ESCOs: ANTICIPATING GROWTH IN THE
PUBLIC AND PRIVATE SECTORS
Two benefits that ESCOs (Energy Service Companies) can bring to the efficiency table are a turnkey solution for deep energy retrofits and performance contracts that guarantee reduced energy consumption. ESCOs that have met accreditation requirements by the National Association of Energy Service Companies (NAESCO) provide added confidence to building owners.
Performance contracts account for roughly 70% of ESCO revenue, followed by design/build contracting at 15% . According to Don Gilligan, president of NAESCO, guaranteed savings projects typically need to be at least $500,000 to $1 million in scope, a size that only the large ESCOs can accommodate, although smaller ESCOs can do such projects but without a long-term guarantee. Because performance contracts typically establish a historical baseline of energy consumption on which to build the guaranteed savings, they are used for existing buildings rather than new construction. Market penetration of performance contracting is highest in the K-12 school sector.
Some sources predict that the ESCO industry will grow its revenues dramatically over the next seven years by continuing to tap its traditional federal and MUSH (municipalities, universities, schools and hospitals) markets, which account for roughly 85% of revenue.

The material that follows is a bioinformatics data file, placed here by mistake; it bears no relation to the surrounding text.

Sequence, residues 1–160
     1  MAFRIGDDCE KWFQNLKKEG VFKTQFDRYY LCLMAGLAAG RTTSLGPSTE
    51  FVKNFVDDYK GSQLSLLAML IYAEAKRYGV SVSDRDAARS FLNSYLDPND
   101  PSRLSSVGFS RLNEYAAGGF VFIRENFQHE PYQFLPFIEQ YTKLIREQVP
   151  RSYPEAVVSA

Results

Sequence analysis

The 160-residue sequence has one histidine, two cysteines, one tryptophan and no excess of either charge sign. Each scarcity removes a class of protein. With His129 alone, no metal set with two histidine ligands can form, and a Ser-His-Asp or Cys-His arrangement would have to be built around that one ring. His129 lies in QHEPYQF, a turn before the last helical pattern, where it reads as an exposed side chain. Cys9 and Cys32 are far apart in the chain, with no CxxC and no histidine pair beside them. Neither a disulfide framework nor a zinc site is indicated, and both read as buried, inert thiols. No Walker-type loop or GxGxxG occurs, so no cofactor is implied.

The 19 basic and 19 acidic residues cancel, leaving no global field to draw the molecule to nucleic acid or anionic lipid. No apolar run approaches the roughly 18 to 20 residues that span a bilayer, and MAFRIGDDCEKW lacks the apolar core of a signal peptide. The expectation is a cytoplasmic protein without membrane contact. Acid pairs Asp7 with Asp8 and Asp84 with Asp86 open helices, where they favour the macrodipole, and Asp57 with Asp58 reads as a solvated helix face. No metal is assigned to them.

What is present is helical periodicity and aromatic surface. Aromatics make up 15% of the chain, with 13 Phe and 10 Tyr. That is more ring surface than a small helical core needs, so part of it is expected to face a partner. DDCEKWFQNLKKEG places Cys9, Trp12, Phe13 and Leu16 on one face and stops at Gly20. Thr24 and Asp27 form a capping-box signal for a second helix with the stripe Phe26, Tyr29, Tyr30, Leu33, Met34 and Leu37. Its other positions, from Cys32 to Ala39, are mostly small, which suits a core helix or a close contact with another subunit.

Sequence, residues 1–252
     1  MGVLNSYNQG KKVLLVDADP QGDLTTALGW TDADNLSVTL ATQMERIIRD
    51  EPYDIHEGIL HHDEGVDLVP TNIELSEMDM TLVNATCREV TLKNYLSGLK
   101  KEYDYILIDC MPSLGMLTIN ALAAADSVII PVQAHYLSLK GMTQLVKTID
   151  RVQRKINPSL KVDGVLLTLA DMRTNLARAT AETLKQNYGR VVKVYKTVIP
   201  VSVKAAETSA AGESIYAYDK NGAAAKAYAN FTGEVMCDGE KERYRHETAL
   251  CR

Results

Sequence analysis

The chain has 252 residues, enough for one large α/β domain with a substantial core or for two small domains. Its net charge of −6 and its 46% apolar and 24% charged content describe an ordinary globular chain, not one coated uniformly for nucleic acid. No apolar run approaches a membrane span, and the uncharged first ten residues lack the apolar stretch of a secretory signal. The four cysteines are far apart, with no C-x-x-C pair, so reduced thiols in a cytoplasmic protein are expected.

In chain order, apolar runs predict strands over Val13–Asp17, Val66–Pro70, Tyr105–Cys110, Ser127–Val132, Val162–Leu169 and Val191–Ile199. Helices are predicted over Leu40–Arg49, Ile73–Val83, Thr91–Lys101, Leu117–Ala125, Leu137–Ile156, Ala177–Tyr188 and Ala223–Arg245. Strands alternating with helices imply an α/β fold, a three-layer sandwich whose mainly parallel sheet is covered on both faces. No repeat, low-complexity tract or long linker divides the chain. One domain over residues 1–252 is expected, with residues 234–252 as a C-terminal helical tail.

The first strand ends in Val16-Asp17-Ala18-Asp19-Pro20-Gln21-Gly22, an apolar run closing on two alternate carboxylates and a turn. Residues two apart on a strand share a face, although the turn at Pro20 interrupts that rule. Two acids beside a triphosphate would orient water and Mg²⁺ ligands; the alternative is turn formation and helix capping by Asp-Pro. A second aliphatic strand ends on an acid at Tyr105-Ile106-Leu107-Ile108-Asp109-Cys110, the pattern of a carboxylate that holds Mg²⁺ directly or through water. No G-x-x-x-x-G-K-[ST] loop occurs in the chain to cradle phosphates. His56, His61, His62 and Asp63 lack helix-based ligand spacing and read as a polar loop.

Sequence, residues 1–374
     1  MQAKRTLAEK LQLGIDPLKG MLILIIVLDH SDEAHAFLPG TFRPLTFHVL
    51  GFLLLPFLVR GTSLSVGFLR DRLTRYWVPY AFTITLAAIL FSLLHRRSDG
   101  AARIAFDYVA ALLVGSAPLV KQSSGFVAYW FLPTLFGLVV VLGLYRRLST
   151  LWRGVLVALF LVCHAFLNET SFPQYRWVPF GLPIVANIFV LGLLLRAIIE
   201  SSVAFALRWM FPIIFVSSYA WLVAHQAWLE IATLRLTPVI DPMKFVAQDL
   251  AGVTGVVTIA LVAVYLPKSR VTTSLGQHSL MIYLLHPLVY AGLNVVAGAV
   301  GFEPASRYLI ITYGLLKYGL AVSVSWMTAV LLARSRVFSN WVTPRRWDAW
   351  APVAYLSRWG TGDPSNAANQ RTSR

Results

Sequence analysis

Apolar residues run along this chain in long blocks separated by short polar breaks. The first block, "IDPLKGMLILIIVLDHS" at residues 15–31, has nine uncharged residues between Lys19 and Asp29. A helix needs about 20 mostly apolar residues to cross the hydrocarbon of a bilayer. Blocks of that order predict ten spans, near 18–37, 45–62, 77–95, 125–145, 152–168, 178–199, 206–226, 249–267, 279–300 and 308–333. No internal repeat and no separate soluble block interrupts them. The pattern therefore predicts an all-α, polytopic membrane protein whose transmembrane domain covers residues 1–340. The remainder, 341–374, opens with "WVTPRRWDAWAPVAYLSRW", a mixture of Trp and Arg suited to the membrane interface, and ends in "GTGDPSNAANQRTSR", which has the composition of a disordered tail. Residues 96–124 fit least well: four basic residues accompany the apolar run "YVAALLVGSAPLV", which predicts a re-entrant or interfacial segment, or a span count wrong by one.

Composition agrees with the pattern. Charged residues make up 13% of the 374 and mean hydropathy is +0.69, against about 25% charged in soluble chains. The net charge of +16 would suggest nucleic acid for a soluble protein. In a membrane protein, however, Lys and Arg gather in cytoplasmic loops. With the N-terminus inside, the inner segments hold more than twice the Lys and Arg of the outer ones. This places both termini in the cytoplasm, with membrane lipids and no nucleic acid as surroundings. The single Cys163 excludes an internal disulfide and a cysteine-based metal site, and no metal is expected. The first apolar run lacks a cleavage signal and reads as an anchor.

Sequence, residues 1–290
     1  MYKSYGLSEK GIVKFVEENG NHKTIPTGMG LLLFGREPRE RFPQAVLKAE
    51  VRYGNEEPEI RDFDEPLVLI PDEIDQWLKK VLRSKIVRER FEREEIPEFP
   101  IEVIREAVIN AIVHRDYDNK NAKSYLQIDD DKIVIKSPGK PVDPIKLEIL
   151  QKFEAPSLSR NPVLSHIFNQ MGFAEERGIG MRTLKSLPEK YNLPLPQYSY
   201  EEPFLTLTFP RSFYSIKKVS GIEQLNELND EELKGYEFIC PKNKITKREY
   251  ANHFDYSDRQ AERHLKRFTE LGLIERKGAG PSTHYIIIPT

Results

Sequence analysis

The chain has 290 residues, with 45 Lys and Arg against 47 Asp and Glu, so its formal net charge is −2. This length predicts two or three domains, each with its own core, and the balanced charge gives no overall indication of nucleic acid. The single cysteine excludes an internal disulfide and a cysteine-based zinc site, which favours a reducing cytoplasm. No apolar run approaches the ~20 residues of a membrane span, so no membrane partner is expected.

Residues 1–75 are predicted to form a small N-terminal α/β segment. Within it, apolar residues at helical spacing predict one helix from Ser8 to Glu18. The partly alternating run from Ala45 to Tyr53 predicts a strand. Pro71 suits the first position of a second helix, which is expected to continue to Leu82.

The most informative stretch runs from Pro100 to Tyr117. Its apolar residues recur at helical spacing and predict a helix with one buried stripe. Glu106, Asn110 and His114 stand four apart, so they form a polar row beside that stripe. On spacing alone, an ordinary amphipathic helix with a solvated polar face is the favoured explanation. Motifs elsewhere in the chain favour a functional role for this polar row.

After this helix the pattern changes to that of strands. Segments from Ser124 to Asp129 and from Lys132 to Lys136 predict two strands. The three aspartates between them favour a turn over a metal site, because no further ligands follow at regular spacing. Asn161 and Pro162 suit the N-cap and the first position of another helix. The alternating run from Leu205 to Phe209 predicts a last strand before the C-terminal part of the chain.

In recent years ESCO revenues have been concentrated even more heavily in the public sector, due in part to the impact of the economic crisis on commercial building owners. Government mandates to improve efficiency are one driver in the public sector; another is the performance contract’s ability to offer an alternative to the routine public procurement process for capital projects.
ESCOs AND COMMERCIAL BUILDINGS
Because ESCOs tend to deliver large comprehensive projects that have long paybacks of 10–20 years, they often are not a good match for commercial buildings whose owners look for a quick improvement to their net operating income. According to NAESCO data, the payback on school projects averages 12–14 years while on a commercial building it averages only 2.7 years. Another factor is the probability of changes in occupancy or use. The typical school is likely to remain a school but a commercial building might undergo changes in occupancy that complicate the future savings spelled out in a performance contract. The long-term creditworthiness of public entities is also more attractive to lenders.
Nevertheless, Gilligan believes that ESCOs will make new inroads into the commercial market if PACE and on-bill financing take hold and the debt is not accelerated when the building changes hands.
“Building owners are reluctant to encumber their property if it interferes with their ability to sell it,” Gilligan says. He also sees an imminent wave of commercial-building mortgage refinancing that will drive ESCO revenues. “As those buildings are refinanced and possibly repositioned in their markets, it’s a good opportunity for ESCOs to get in there and say, ‘If you’re refinancing, now is a good time to do efficiency improvements.’”